Did anyone else read Alas, Babylon when they were in jr. high? I'm pretty sure that was one of the books I selected at random during the semester when I got sent to the library instead of having to go to gym class, and that book both terrified and delighted me. It was written back in the day when nuclear war was more likely to simply decimate urban populations (as opposed to the global annihilation I grew up with) and depicted a small Florida town cut off from the outside world by nuclear war. As one might expect, things get bad pretty quickly (although they do become less racist, so I suppose that's a plus).
As a socially awkward (and largely misanthropic) teen, I was very fond of any of the "survivors of global apocalypse" books like The Stand) (which, I suppose, led nicely into the teenage draw towards apocalyptic zombie flicks). That combined with ongoing fear of nuclear holocaust made Alas, Babylon a pretty cirtical element of my adolesence.
All of which goes a long way towards explaining why I have high hopes for Jericho despite a severely flawed pilot. Granted, the pilot has a lot of ground to cover, so it's perhaps reasonable that things are strained a little bit. It's got to introduce Skeet Ulrich (the prodigal son of the family), his family, an ex-girlfriend, the local police department, assorted townspeople, and a bus full of schoolkids. And then introduce a nuclear war and the first rounds of local panic.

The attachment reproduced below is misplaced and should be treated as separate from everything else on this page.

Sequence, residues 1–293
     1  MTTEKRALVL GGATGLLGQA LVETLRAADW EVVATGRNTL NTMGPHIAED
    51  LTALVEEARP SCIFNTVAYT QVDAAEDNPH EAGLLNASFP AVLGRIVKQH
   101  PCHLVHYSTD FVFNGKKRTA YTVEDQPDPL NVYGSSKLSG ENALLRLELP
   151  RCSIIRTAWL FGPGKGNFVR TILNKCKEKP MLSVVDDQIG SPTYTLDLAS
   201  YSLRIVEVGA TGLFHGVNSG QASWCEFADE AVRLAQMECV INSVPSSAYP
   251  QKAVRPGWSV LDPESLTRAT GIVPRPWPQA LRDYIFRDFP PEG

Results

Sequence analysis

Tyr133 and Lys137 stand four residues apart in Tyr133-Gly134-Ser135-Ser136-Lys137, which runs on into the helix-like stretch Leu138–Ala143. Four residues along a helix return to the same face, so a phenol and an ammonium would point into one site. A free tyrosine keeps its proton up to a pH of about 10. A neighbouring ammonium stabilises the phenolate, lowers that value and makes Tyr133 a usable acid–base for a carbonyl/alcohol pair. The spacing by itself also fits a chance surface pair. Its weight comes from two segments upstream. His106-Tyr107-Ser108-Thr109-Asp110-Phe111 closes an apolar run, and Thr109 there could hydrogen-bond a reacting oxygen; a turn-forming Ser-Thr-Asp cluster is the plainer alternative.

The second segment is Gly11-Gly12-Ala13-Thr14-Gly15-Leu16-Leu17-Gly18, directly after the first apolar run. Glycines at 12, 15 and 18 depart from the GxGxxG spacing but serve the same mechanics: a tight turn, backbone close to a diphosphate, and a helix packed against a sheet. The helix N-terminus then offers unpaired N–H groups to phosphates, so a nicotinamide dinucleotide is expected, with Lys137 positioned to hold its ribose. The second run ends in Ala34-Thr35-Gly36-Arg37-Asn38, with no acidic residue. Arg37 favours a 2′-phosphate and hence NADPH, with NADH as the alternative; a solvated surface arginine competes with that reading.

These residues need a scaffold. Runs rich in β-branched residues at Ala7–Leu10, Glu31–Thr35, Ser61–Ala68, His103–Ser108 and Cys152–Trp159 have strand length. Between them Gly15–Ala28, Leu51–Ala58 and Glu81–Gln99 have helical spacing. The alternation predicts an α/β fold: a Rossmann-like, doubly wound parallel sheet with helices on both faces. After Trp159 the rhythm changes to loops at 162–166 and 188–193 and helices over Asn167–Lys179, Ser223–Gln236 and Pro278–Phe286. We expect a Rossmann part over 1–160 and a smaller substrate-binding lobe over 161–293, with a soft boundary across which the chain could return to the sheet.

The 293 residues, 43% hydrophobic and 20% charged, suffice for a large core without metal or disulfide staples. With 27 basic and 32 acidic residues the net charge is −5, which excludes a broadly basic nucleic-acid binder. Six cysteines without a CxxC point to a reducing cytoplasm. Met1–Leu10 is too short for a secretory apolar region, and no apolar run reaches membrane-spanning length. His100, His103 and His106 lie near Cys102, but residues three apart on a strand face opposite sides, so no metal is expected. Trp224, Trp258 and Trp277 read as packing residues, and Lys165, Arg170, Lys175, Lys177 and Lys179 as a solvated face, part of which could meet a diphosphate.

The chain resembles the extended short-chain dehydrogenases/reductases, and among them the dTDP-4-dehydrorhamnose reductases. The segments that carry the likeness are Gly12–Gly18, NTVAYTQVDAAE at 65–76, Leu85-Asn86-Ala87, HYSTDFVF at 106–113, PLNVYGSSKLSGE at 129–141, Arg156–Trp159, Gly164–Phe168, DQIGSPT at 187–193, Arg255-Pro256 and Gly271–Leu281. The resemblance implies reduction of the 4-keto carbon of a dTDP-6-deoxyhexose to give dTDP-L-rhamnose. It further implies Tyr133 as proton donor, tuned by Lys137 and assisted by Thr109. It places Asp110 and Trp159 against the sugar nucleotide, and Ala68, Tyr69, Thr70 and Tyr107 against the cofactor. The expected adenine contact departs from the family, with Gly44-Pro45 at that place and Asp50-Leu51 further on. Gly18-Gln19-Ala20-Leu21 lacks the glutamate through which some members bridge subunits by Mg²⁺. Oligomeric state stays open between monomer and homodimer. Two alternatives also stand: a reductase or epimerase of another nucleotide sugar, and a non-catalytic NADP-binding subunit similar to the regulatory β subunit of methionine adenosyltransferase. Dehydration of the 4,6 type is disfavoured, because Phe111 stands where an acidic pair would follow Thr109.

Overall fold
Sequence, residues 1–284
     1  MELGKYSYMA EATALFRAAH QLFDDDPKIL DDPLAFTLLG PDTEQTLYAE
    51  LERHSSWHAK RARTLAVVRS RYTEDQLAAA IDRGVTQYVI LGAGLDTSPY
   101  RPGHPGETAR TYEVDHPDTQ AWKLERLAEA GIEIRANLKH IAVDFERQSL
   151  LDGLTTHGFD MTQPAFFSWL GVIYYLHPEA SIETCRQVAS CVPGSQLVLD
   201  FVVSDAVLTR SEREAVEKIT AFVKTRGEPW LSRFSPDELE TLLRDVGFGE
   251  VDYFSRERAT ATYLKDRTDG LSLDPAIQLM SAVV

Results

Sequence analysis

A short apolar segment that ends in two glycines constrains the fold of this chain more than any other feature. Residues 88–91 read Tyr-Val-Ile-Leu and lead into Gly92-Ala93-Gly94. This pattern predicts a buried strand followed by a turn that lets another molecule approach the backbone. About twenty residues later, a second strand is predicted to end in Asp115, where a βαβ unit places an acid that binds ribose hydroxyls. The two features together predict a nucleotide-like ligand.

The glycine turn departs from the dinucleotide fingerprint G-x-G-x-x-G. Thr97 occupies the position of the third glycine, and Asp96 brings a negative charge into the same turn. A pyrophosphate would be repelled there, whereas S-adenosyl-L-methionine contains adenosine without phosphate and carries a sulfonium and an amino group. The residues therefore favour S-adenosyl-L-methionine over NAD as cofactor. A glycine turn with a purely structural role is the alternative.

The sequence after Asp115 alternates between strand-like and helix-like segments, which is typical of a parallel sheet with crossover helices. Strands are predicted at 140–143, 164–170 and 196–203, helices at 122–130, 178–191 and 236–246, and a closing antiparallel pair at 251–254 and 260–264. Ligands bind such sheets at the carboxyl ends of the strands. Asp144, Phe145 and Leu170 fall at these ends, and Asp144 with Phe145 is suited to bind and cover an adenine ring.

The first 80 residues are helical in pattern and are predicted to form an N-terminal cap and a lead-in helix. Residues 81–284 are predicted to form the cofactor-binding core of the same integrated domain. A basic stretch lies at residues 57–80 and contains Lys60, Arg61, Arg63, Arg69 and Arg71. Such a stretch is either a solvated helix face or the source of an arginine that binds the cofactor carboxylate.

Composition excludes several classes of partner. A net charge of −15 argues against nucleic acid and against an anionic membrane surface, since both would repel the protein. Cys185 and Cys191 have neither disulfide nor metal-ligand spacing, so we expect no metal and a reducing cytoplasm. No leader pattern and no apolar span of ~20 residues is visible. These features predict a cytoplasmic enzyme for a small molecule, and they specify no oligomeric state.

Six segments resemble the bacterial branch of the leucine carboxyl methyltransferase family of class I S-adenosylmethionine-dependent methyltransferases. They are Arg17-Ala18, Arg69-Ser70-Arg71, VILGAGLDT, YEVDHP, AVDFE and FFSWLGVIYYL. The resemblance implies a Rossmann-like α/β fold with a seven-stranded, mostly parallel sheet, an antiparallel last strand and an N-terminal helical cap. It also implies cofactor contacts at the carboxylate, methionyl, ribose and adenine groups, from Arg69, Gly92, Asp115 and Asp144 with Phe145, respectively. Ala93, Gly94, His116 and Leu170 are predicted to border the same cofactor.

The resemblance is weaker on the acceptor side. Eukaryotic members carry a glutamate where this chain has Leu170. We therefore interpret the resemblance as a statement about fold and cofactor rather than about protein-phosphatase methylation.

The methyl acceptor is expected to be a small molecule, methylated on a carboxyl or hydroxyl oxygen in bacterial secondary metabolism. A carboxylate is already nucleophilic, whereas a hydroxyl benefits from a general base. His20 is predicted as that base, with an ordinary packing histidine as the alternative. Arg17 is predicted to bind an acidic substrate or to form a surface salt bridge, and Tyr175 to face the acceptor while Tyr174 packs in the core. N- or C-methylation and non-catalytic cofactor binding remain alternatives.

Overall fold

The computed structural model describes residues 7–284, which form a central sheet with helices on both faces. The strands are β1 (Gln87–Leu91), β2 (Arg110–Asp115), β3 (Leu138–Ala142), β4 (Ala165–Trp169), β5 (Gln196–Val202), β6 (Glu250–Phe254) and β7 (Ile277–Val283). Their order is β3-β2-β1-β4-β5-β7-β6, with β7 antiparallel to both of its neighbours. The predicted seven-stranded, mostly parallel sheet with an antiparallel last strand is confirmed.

As a result the show's a little overstuffed and resorts to some sort of hamfisted narrative twists to cram everything in in forty-eight minutes. That said, it's certainly got some nice casting elements to recommend it. Skeet remains about the same as he always is - a slightly lethargic version of Johnny Depp. Gerald McRaney continues his Deadwood-intiated work on eradicating his Major Dad image with a nice bit as town mayor. Shoshannah Stern seems to have transitioned off of Weeds to do this, which was perhaps a bad decision show-quality-wise, but it's nice to see her getting work. On the less positive side, the show features Sprague Grayden, whose arrival on Joan of Arcadia signalled the rapid decay of that once-good show. I'm not sure whether to blame her for it, but the temptation is strong. Hopefully, she'll be able to redeem herself here.
Rating: B (Worth watching if you like nuclear war)Reviewed by Padgett Arango